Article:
Supporters returned to English top-flight matches for the first time since March on Saturday.
England's coronavirus restrictions have seen fans banned from sporting venues until now.
On Saturday, West Ham became the first to host a top-flight match with spectators present in their clash with Manchester United in East London.
Government restrictions mean just 2,000 fans were allowed to watch the match at the London Stadium, which Manchester United 3-1 thanks to goals from Paul Pogba, Mason Greenwood and Marcus Rashford.
West Ham v Manchester United ratings
Chelsea's game against Leeds United at Stamford Bridge in West London also had 2,000 fans present.
It was the first time Chelsea fans had seen their team play live in nine months due to Covid-19 restrictions, and those in attendance went home happy as the Blues came from behind to secure a 3-1 victory to go top of the Premier League.
Asked if Chelsea fans are right to consider them title contenders, Lampard told reporters: "There's certainly nothing wrong with the fans thinking that.
"It's great to have them back, their input was huge, the noise huge. You can see how excited they are at the end that we are top of the league," he said.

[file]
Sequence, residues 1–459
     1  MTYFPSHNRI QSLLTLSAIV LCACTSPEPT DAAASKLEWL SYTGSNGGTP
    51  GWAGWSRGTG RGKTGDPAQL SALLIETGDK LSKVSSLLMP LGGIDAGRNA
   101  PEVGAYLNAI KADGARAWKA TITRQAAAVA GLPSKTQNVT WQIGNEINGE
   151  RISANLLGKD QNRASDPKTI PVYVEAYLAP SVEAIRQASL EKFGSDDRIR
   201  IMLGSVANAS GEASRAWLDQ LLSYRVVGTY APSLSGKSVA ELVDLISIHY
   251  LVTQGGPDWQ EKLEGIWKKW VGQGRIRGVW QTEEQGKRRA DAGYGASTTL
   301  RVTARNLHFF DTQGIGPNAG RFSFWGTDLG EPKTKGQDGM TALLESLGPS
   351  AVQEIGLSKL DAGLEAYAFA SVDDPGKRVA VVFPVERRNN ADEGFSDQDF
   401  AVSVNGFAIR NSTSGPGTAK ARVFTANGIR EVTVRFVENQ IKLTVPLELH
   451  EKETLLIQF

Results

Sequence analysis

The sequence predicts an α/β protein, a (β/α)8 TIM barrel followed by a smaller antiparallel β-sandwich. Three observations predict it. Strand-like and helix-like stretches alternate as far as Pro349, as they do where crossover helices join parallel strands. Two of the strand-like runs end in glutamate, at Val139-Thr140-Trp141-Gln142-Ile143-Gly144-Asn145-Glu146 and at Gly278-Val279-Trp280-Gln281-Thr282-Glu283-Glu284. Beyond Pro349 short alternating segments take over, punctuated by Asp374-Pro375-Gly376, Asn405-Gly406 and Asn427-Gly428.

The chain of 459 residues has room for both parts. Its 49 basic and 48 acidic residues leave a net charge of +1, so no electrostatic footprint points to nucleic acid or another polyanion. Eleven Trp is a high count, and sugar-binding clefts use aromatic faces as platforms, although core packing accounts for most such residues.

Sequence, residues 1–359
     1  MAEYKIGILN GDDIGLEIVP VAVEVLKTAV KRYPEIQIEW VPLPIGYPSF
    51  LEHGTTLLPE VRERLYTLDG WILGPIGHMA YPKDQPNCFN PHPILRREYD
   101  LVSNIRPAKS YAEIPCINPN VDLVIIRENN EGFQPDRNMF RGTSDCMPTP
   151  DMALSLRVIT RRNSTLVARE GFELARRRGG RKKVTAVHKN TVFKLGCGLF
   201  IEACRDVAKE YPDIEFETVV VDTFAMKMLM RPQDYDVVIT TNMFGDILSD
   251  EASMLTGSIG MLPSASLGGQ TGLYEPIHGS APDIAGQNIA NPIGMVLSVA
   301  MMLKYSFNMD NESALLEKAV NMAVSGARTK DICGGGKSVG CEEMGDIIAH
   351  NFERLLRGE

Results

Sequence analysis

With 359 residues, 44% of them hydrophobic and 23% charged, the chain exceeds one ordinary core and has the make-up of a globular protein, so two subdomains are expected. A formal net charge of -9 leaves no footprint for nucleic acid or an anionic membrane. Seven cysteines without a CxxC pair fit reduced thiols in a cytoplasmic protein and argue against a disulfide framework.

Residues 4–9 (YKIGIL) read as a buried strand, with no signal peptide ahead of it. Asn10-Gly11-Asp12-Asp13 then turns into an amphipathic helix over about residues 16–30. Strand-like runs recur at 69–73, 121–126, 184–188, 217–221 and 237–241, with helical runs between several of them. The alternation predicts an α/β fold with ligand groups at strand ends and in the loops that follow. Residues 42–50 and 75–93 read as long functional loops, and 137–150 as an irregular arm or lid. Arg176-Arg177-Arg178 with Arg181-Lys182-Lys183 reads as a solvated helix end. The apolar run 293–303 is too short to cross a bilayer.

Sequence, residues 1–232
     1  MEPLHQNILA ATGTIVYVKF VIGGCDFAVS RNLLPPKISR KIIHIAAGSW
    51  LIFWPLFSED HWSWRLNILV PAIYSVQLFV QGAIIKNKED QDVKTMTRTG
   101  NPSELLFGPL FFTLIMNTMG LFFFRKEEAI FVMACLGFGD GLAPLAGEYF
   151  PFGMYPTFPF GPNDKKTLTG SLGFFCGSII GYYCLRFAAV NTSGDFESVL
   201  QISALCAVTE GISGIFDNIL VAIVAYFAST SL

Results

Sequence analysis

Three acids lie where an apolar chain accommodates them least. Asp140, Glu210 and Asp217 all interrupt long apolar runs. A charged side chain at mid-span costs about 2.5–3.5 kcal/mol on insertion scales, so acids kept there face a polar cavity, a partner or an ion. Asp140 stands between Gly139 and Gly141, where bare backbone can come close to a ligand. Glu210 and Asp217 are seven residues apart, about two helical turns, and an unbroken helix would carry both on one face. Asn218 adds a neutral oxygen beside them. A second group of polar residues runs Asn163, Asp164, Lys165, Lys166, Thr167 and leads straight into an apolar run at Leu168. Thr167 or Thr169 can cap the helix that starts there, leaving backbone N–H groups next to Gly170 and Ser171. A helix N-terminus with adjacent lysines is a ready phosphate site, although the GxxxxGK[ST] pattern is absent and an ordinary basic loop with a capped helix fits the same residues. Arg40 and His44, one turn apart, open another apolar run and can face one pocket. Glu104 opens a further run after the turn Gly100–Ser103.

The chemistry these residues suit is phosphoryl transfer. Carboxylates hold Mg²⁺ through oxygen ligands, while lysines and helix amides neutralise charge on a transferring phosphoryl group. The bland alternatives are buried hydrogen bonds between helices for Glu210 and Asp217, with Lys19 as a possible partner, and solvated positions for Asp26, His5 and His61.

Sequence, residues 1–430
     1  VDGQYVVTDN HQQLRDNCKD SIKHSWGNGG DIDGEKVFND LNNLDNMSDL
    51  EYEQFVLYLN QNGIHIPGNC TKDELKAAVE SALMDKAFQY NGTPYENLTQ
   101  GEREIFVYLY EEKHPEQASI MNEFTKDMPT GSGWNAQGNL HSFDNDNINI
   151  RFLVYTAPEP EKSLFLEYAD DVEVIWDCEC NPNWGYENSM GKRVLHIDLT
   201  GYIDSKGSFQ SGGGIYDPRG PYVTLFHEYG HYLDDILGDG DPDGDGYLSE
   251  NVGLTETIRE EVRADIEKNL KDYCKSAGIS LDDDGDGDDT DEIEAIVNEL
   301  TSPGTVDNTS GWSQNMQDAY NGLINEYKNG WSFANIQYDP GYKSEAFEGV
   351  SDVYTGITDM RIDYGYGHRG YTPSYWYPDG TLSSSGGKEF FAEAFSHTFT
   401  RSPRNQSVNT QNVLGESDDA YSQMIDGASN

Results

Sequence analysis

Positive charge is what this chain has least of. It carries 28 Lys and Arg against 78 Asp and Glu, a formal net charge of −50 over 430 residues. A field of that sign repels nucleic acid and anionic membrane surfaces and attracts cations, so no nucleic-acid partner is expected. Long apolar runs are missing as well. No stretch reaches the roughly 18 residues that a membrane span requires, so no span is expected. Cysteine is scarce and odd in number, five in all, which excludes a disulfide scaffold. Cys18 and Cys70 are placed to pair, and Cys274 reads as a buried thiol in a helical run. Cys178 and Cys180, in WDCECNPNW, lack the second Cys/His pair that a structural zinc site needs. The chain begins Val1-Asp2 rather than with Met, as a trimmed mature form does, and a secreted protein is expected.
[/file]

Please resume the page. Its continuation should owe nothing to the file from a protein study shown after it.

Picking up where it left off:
Chelsea v Leeds ratings
The English Football Association has condemned fans of London second-tier club Millwall for booing as players from their team and visitors Derby County took a knee before their Championship match on Saturday.
The game was among the first matches to see a return of supporters to stadiums since the start of Britain's Covid restrictions in March.
Players throughout English football have been taking a knee since July, initially in support of the Black Lives Matter movement, although both the Premier League and the Football League (EFL) have since said the gesture is now linked to their own anti-racism campaigns.
Video footage of the start of the game contained loud booing from the 2,000 fans inside Millwall's The Den stadium as the players took the knee.
In response, the FA said in a statement: "The FA supports all players and staff that wish to take a stand against discrimination in a respectful manner, which includes taking of the knee, and strongly condemns the behaviours of any spectators that actively voice their opposition to such activities."
On Friday, Millwall players had released a statement saying:
"As a squad we are fully supportive of the entire football family’s efforts in ridding the sport, and society generally, of all forms of discrimination.
"The gesture of taking the knee before matches provides an opportunity for us to do exactly that and continues to allow all those playing to publicly showcase their support – on behalf of the whole squad – for the fight against discrimination," read the statement.
“We wish to make clear that taking the knee, for us, is in no way representative of any agreement with political messaging or ideology. It is purely about tackling discrimination, as has been the case throughout.
“We will continue to do this until the start of the New Year when a new and comprehensive anti-discrimination strategy will be announced by the club.”